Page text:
#CripTheVote founders ran a survey that revealed that movement followers’ main priority, besides keeping their health care, was to elect individuals with disabilities into office. You can view the full survey results here. Representation is an issue for many minority groups, including women and racial minorities, who are still severely underrepresented in the United States government. It’s commonly accepted at this point that a diverse group of administrators can represent diverse interests and populations, thus serving all their constituents’ needs. Many people don’t consider disability to be an identity, but a weakness, or a private family matter.
There are very few politicians with disabilities; Duckworth herself was the first woman with a disability to win a U.S. election. Electing politicians such as Duckworth is an important step towards representation for Americans with disabilities, but it is not enough on its own. By keeping people with disabilities out of office, out of the polls, and out of our communities, we are sending the message that we don’t value them as citizens and community members. We can’t change these things overnight, but we can advocate for our fellow community members by listening to their needs and voting for candidates who will respect them.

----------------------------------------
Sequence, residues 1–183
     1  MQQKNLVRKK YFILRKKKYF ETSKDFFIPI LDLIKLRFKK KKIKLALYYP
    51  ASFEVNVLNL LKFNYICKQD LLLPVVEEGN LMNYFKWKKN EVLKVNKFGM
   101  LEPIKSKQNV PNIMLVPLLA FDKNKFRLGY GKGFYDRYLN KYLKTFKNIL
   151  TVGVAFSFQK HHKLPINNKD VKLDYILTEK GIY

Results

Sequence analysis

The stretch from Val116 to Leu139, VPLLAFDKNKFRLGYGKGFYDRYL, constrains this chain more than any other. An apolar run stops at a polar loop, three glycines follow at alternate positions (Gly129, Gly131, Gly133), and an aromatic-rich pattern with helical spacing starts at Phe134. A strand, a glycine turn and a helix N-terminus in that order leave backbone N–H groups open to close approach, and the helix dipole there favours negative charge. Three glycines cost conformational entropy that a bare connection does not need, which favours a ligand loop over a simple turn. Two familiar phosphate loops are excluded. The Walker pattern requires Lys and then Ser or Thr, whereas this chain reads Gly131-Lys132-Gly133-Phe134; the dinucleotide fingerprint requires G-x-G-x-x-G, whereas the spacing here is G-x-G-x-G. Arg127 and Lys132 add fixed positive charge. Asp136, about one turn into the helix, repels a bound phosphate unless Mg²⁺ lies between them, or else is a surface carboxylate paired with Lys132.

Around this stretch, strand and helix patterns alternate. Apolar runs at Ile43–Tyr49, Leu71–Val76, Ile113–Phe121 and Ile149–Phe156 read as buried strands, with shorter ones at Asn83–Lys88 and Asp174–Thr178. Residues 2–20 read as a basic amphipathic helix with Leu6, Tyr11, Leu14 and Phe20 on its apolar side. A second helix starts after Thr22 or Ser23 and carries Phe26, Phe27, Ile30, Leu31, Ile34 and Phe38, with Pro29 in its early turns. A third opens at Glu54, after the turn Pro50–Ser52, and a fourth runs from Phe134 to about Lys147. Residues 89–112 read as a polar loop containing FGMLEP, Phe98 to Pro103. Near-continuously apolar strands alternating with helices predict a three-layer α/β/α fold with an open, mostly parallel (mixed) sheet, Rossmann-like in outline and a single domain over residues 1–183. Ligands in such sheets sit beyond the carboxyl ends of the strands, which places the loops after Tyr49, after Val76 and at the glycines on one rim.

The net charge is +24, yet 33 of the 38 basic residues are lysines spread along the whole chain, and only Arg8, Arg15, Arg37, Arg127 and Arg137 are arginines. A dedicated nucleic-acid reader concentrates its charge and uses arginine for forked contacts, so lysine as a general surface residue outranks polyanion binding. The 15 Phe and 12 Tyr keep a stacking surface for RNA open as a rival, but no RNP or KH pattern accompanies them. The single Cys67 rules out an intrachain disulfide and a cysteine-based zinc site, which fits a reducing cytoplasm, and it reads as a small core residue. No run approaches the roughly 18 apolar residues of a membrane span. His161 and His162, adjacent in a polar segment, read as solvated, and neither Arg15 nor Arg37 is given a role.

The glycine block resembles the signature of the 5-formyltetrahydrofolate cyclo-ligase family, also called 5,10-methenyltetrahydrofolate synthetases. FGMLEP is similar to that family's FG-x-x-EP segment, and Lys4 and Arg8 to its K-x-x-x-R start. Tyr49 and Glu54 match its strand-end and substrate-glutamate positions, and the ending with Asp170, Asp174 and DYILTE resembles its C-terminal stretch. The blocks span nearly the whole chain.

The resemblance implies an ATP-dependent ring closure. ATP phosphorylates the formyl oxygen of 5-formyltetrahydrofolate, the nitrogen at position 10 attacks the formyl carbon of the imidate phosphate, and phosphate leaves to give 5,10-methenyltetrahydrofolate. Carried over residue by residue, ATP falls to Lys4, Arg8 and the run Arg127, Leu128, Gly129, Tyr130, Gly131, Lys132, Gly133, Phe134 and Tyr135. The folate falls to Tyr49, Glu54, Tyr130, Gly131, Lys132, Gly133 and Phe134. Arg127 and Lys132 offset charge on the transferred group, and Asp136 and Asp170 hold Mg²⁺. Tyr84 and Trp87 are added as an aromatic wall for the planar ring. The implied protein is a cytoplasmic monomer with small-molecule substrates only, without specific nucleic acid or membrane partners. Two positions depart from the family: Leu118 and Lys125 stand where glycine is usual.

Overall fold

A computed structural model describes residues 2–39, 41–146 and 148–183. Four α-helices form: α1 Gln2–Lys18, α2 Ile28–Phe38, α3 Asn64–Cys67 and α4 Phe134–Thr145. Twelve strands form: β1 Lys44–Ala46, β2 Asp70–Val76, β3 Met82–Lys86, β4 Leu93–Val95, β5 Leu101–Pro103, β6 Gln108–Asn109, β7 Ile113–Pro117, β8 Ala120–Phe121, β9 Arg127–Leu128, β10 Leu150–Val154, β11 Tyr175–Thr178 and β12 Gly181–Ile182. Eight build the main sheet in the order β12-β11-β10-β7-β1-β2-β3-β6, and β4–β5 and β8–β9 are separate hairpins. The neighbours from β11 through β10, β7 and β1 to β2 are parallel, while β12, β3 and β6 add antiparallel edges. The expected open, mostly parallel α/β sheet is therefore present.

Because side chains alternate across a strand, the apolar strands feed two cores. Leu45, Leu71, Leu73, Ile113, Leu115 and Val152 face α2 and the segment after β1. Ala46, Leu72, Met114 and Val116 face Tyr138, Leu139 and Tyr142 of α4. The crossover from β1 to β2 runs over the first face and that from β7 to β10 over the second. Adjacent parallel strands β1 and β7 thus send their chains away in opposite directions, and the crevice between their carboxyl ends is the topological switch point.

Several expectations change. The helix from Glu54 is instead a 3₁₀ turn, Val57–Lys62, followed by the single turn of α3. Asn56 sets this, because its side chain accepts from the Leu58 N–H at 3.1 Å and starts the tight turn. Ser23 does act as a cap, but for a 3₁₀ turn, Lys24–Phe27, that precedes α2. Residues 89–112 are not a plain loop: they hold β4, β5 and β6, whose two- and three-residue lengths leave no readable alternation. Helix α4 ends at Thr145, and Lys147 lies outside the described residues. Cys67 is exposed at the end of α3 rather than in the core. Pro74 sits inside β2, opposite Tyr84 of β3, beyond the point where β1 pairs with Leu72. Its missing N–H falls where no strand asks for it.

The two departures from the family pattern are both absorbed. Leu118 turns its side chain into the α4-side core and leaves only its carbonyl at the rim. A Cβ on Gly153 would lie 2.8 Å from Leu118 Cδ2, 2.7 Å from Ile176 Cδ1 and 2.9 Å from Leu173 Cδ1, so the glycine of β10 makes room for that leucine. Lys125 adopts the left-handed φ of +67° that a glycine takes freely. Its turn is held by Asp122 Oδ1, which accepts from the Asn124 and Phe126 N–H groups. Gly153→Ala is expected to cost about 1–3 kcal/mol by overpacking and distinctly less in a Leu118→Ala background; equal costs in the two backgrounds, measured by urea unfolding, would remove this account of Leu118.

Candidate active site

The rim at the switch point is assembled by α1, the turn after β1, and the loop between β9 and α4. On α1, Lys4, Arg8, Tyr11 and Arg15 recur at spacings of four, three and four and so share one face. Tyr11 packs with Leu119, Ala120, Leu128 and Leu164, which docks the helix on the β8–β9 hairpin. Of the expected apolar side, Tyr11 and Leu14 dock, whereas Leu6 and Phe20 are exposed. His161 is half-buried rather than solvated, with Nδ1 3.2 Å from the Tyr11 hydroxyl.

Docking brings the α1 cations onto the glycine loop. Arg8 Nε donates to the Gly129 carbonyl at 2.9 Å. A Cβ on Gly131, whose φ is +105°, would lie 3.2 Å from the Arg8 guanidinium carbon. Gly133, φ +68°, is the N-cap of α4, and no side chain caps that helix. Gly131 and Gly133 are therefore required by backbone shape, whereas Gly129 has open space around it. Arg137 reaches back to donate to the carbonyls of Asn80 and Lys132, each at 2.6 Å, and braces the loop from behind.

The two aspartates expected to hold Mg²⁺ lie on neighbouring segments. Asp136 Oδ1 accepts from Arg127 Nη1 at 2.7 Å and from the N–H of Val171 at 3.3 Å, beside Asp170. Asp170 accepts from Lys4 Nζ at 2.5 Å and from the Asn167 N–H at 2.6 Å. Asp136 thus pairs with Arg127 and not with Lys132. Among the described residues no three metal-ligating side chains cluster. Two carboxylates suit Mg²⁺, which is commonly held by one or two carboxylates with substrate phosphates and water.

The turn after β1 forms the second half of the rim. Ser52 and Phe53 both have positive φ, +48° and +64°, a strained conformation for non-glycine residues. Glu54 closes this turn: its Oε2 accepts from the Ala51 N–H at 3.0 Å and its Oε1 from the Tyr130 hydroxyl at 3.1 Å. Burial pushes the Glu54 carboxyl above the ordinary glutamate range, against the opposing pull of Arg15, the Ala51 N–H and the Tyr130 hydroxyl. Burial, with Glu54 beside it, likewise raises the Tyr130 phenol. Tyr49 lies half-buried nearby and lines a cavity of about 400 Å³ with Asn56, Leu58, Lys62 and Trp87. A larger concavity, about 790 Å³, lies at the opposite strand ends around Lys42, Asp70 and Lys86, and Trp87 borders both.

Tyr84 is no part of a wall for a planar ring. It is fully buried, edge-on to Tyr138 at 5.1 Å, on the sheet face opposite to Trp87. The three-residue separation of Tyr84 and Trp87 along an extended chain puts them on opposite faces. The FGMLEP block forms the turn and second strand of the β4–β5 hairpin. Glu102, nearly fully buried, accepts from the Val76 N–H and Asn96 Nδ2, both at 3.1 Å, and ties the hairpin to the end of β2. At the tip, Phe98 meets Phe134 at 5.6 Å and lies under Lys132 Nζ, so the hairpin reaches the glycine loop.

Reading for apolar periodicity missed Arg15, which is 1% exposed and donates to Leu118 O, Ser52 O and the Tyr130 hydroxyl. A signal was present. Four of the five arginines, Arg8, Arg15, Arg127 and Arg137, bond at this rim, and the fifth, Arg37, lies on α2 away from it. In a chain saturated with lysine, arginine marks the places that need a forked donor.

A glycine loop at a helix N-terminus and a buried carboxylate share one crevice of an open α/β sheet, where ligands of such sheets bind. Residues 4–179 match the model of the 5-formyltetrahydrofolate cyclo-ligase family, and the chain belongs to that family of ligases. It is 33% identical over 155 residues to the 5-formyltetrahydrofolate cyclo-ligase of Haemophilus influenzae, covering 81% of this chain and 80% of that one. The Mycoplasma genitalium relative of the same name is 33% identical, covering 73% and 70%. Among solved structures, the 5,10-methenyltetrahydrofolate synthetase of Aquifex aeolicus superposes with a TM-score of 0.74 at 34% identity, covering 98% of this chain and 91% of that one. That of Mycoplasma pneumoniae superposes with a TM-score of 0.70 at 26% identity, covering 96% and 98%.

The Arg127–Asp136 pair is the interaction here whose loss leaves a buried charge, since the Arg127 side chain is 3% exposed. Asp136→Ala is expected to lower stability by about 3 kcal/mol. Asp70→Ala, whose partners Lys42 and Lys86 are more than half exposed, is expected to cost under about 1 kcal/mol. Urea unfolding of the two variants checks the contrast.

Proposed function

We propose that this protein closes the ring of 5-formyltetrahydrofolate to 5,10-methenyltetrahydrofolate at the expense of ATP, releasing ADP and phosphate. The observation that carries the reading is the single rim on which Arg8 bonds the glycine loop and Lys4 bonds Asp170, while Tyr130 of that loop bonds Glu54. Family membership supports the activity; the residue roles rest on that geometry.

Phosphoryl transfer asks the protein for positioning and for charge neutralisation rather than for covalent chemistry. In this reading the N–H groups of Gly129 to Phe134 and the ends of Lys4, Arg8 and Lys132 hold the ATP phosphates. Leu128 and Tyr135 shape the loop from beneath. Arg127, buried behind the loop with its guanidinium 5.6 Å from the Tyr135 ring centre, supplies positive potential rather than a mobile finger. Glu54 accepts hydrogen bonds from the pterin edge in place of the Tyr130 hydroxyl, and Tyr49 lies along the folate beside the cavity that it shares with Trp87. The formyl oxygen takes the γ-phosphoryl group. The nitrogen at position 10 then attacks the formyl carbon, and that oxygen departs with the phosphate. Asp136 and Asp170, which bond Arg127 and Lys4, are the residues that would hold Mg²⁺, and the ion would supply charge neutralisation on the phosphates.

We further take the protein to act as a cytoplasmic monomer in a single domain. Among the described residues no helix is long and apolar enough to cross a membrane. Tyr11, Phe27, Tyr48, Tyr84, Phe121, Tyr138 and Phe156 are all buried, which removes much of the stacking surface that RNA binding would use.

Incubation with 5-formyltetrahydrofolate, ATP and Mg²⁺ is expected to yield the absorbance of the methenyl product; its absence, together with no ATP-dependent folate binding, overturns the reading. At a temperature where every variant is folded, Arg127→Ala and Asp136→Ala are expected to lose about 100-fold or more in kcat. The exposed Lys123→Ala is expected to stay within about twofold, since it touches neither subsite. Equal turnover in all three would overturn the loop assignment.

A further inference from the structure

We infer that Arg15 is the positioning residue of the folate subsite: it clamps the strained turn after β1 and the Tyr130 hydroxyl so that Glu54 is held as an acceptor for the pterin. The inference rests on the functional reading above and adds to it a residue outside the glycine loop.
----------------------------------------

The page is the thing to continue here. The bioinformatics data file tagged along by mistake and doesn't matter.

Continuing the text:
Americans with disabilities are fighting not only for visibility and representation but for the right to exist. Even those of us who consider ourselves socially-minded are often guilty of leaving them out of the conversation or failing to consider the unique struggles the community may face. Social media efforts like #CripTheVote give us the chance to learn what our fellow community members need from us as allies. This election cycle, we must vote for candidates who will preserve the accessibility of healthcare, and those who valued members of the disability community just as they are. We must also see people with disabilities and their struggles, and recognize that something as common as an old-fashioned building can present a real barrier to citizens trying to exercise their right to vote. Anything less is disrespectful to our neighbors, who face continual disrespect and endangerment from their own elected officials. The upcoming vote will be an indicator of where our nation is heading— but it is also a chance to turn the tides.
Photo Source: Kisha Bari